The course catalog is constantly evolving. For more detailed scheduling information about these courses, please visit the registrar's office.

Tentative Course Offerings 2017-18

SOCI 30002  Principles of Sociological Research. Explores how theoretical questions and different types of evidence inform decisions about methodological approach and research design.  This course is required for first year Sociology PhD students. Martin. Winter.

SOCI 30003  History of Social Theory. This course is an introduction to sociological  theory.  It will cover Marx, Weber, Durkheim,  Simmel, Mead, Dewey, the Chicago School, Bourdieu, and possibly others. This course is required for first year Sociology PhD students. Hoang. Autumn.

SOCI 30004  Statistical Methods of Research 1. This course provides a comprehensive introduction to widely used quantitative methods in sociology and related social sciences.  Topics covered include analysis of variance and multiple regression, considered as they are used by practicing social scientists. Raudenbush. Winter.

SOCI 30005  Statistical Methods of Research 2 .A course about how to do theoretically informed quantitative social research with rigorous statistical techniques. The course concentrates on data analysis, and the way one links theory and data. Topics covered include tabular analysis, regression analysis, regression diagnostics, missing data, factor analysis and scale construction, measurement error, fixed and random effects models, propensity score matching, and related topics. Song. Spring.

SOCI 30006, 30007  Second/Third Year Writing Seminar-1, 2. A required seminar that will meet over two quarters.  Doctoral students in Sociology are required to take this seminar in both their second and third years.  Second-year students will focus on developing a project for their Qualifying Paper.  Third-year students will start from a completed Qualifying Paper and revise it for presentation at professional meetings and possible publication.  Some students may move on to developing grant proposals or a first draft of a dissertation proposal.         Schilt, Stuart. Winter, Spring.

SOCI 30101  Organizational Analysis. A systematic introduction to theoretical and empirical work on organizations broadly conceived,  such as public and private economic organizations, governmental organizations, prisons, health-care organizations, and professional and voluntary associations.  Topics include intraorganizational questions about organizational goals and effectiveness, communication, authority, and decision-making. Using recent developments in market, political economy, and neo-institutional theories, we will explore organizational change and interorganizational relationships for their implications in understanding social change in modern societies. Social network analysis will inform much of the discussion. Laumann. Autumn.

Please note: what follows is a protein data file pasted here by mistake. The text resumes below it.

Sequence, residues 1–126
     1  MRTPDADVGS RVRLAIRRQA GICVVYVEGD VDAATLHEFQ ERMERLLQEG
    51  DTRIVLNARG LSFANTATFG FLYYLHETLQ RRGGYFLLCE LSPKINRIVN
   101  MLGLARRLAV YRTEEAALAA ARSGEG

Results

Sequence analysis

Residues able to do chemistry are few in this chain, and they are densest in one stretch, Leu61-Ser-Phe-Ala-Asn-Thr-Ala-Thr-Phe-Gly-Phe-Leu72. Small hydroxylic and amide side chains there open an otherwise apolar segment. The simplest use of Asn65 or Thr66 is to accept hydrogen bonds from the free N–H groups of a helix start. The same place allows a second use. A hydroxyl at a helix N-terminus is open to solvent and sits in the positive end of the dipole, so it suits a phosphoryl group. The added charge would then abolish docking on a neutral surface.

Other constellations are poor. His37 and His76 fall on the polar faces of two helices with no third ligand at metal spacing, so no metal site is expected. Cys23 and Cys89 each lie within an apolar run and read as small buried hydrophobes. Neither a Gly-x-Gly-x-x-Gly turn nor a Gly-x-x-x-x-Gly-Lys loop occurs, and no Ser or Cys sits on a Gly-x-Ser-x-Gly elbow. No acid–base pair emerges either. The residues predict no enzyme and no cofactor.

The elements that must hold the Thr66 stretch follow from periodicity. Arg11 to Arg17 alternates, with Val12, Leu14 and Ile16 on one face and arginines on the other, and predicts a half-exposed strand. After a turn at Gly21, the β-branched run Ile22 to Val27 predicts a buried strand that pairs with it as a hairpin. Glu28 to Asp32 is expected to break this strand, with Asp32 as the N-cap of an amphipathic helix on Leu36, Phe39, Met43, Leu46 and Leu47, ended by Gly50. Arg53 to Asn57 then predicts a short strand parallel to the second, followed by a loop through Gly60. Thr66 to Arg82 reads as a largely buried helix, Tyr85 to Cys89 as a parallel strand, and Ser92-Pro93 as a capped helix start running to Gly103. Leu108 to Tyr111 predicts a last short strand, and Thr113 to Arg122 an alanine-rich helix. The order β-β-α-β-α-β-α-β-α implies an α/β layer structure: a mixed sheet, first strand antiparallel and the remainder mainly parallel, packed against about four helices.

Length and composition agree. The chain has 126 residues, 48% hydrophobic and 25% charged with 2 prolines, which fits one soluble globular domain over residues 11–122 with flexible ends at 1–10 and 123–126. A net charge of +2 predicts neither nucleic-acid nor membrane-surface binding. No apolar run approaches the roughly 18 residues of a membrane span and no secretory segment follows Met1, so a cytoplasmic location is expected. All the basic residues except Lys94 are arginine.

SOCI 30103  Social Stratification. Social stratification is the unequal distribution of the goods that members of a society value -- earnings, income, authority,  political power, status, prestige, etc. This course introduces various sociological perspectives about stratification. We will look  at major patterns of inequality throughout human history, how  they vary across countries, how they are formed and maintained,  how they come to be seen as legitimate and desirable, and how they  affect the lives of individuals within a society. The readings incorporate classical theoretical statements, contemporary debates, and recent empirical evidence. The information and ideas discussed in this course are critical for students who will go on in sociology and extremely useful for students who want to be informed about  current social, economic, and political issues. Stolzenberg. Spring.

SOCI 30104  Urban Structure & Process. This course reviews competing theories of urban development, especially their ability to explain the changing nature of cities under the impact of advanced industrialism. Analysis includes a consideration of emerging metropolitan regions, the microstructure of local neighborhoods, and the limitations of the past American experience as a way of developing urban policy both in this country and elsewhere. Stuart. Spring.

SOCI 30106  Political Sociology. This course provides analytical perspectives on citizen preference theory, public choice, group theory, bureaucrats and state-centered theory, coalition theory, elite theories, and political culture. These competing analytical perspectives are assessed in considering middle-range theories and empirical studies on central themes of political sociology. Local, national, and cross-national analyses are explored. The course covers readings for the Sociology Ph.D. Prelim exam in political sociology. Clark. Spring.